Volume 17 • Issue 37 | February 11 - 17, 2005

Quakers explore bringing ‘Peace Pole’ to Downtown

By Divya Watal

The Downtown New York chapter of the Religious Society of Friends, a Quaker organization, recently proposed the installation of a “Peace Pole” in Lower Manhattan.

Although their idea was well received at the Community Board 1 Arts and Entertainment Task Force meeting last month, concerns were raised over having religious symbols in public spaces.

“[The pole] would be a reminder to the general public to take a moment and reflect on what might be,” said Glenn Reinhart of the Downtown Manhattan Quaker Meeting in a telephone interview. Reinhart presented the “Peace Pole” plan at C.B. 1 on behalf of the religious organization.

There are no concrete designs for the pole yet, but according to the Quaker Meeting’s proposal, “A Peace Pole can be a 51/2 ft. wooden pole in various wood colors or painted, possibly more suitable for green and earth exposed spaces. A Peace Pole can also be metal up to 12 ft. tall.”

The Society of Friends has another peace pole in the premises of its Quaker United Nations Office, located at 247 E. 48th St. This peace pole was installed in March 2002.

The proposal called for the pole’s installation in a public space, which is out of the question, said Harold Reed, chairperson of C.B. 1’s Arts and Entertainment Task Force.

“The location has to be outside any public space because of the religious affiliation,” he said.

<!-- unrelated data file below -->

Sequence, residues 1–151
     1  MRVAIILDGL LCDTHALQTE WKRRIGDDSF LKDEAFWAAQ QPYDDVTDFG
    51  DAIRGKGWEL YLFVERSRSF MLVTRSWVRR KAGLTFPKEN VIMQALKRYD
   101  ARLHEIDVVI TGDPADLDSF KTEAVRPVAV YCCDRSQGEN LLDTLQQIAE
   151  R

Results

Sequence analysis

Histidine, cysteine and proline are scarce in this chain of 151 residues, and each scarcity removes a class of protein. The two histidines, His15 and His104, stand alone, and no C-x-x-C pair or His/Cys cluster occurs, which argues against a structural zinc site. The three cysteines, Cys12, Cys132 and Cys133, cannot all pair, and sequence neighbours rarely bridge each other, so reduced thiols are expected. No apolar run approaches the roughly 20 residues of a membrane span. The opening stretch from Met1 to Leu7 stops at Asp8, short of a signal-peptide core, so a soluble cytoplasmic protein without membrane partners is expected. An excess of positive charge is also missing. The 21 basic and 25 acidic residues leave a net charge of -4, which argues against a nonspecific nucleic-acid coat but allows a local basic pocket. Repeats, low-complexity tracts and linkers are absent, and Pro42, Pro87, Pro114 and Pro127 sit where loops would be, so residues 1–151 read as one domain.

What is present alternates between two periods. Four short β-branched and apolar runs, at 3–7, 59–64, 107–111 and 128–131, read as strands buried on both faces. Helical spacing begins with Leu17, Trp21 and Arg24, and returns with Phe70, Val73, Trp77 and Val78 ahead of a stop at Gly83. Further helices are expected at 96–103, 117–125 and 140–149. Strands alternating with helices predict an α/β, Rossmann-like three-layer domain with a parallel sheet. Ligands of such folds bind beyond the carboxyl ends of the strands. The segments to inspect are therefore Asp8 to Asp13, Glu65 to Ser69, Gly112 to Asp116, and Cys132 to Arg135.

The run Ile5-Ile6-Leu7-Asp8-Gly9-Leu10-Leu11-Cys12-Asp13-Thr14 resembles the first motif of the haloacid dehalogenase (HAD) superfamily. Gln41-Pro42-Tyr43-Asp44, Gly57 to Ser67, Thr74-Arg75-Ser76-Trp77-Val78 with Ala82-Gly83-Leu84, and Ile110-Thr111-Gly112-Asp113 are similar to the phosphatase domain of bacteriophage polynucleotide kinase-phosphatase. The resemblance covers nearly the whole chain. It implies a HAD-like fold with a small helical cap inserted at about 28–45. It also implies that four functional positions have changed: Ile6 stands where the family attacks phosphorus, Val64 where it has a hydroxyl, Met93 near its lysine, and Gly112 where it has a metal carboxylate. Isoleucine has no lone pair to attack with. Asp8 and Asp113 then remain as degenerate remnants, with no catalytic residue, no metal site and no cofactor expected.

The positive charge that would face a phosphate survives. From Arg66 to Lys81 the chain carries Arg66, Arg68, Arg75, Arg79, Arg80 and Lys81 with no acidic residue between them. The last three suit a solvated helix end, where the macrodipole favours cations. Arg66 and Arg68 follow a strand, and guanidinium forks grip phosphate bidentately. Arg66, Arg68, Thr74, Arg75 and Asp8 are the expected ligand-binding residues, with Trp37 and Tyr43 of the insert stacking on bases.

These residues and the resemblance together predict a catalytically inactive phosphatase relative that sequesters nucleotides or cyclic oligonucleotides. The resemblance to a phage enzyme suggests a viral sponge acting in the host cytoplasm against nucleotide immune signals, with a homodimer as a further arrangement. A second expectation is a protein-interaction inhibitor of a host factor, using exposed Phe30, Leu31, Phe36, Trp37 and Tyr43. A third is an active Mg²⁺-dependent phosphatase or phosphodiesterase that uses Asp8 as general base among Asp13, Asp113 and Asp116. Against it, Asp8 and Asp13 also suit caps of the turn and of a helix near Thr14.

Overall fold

However, Reinhart disagreed with that interpretation.

“The peace pole is not religious in itself,” he said. “It will say ‘May Peace Prevail On Earth’ in four to 16 languages. It’s not a Quaker icon—we don’t use icons in our religion.”

Nevertheless, Reed said the Society of Friends would have to find a privately owned public space, such as Liberty Plaza or 140 Broadway, for the pole.

The city Parks Department’s Arts and Antiquities division, also rejected the Quaker peace pole proposal, although for slightly different reasons.

“Parks [Arts and Antiquities] has declined to consider peace poles in N.Y.C. parks citing that three previous mayoral administrations have rejected them, and that they are perceived at Arts and Antiquities as ‘mass produced’,” the proposal said.

If they find space, the Quakers will order the peace pole from a Michigan-based company called Peace Pole Makers USA, which boasts having delivered over 200,000 peace poles to 180 countries around the world.

Reinhart said the Peace Pole Committee is running up against several bureaucratic bumps, but that the members are looking into private spaces now.

“We don’t try to dictate to anyone how to act,” he said of the negative reaction to the pole. We just want a simple reminder in Lower Manhattan of what might be, he said.


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